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'It's just devastating': Non-profit offers free counseling for children in church sex abuse case

Jasmine McGill is a sexual assault survivor who is urging everyone to do what they can to protect children.

SAN ANTONIO — Sifting through old photos makes Jasmine McGill sure of one thing, life has not been easy. "Long, drawn out, dramatic," McGill said. "After the sexual assault, I tried to hang myself at 12."

But it's a tough journey that has brought McGill in her living room, doing what she hopes is life-saving work. "It's just devastating, but at the same time, I have a sense of hope that we can find peace for these kids," the executive director of King's Angels said. "I know what to do for them."

Earlier this month, 21-year-old Joshua Alvarez was arrested on a charge of continuous sexual abuse of a child. Court records indicate the parents of seven children came forward with accusations that Alvarez touched their children inappropriately.

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The arrest affidavit states Alvarez met five of the seven kids through church, and at one point, met with some of the parents and confessed to the crime, asking for forgiveness.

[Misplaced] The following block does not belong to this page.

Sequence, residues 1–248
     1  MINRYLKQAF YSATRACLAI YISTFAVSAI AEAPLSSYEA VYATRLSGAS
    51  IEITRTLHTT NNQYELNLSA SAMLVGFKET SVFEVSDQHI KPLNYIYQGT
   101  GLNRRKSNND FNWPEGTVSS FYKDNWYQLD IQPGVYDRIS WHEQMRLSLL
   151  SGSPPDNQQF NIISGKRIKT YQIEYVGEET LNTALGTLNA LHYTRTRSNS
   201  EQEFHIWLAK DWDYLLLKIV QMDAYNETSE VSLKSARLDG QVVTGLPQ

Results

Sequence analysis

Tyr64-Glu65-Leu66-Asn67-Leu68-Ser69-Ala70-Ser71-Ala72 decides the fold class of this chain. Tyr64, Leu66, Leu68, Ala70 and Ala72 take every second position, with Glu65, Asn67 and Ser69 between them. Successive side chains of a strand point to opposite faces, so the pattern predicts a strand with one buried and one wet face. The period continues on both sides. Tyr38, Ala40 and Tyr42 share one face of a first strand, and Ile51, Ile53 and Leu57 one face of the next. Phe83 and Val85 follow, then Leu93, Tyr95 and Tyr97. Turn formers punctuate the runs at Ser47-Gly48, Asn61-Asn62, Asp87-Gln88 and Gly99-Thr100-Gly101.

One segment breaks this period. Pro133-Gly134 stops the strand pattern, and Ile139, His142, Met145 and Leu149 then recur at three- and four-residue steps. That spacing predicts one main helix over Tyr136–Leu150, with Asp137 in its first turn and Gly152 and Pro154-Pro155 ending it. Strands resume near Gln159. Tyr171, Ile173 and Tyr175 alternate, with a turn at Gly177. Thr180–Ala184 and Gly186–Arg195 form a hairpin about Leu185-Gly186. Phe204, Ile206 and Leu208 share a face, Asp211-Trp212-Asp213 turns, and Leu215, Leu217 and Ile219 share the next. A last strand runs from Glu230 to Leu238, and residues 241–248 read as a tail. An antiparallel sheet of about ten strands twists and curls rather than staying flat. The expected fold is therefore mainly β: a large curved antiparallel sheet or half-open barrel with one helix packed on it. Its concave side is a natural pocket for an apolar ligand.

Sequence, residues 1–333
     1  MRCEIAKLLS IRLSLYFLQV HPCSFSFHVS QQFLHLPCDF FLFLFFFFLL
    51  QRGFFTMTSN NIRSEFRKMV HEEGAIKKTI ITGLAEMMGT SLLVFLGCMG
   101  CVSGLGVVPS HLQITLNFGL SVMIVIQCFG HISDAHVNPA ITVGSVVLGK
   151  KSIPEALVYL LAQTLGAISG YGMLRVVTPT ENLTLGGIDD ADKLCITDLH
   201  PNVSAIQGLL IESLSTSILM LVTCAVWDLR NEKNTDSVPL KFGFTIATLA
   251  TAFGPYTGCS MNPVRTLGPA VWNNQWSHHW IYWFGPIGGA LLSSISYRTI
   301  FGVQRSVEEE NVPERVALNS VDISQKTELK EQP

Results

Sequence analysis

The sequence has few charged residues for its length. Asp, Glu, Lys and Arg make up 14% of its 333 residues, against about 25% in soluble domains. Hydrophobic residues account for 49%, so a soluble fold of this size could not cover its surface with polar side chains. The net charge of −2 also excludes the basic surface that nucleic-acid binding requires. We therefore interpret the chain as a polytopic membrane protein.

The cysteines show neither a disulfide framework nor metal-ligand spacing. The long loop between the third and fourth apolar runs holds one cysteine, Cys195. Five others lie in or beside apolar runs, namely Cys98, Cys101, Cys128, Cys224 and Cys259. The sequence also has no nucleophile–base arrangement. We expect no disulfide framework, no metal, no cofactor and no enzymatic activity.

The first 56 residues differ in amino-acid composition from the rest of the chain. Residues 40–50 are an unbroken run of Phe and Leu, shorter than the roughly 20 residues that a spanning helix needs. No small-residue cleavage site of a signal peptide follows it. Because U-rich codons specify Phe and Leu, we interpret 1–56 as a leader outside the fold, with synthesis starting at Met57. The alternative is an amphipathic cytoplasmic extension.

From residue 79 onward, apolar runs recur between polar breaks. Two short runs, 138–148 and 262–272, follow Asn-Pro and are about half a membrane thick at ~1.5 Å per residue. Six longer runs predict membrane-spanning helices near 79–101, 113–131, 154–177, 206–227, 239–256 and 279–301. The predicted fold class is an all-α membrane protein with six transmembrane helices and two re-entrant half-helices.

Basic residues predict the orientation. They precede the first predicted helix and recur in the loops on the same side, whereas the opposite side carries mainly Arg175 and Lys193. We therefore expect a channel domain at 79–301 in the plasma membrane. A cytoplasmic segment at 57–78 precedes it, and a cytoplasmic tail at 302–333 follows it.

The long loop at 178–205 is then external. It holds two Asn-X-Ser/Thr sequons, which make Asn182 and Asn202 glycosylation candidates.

"We have been in contact with one of the families so far and there are no words with how this family is feeling; they trusted this man," McGill said.

But now McGill said the focus turns to the children as her non-profit King's Angels, a group created in honor of baby King Jay, plans to provide free counseling for the victims and their family members.

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"We're going to stick with them as long as they feel they need us, if that takes 10 years, it takes 10 years."

It's loyalty she will carry as she urges everyone to do what they can to not only protect their children, but all children.

"As children, we're taught that the monsters are under our bed, but in reality, the monsters are walking among us," she said. "Be an advocate. That's the biggest way that you can help."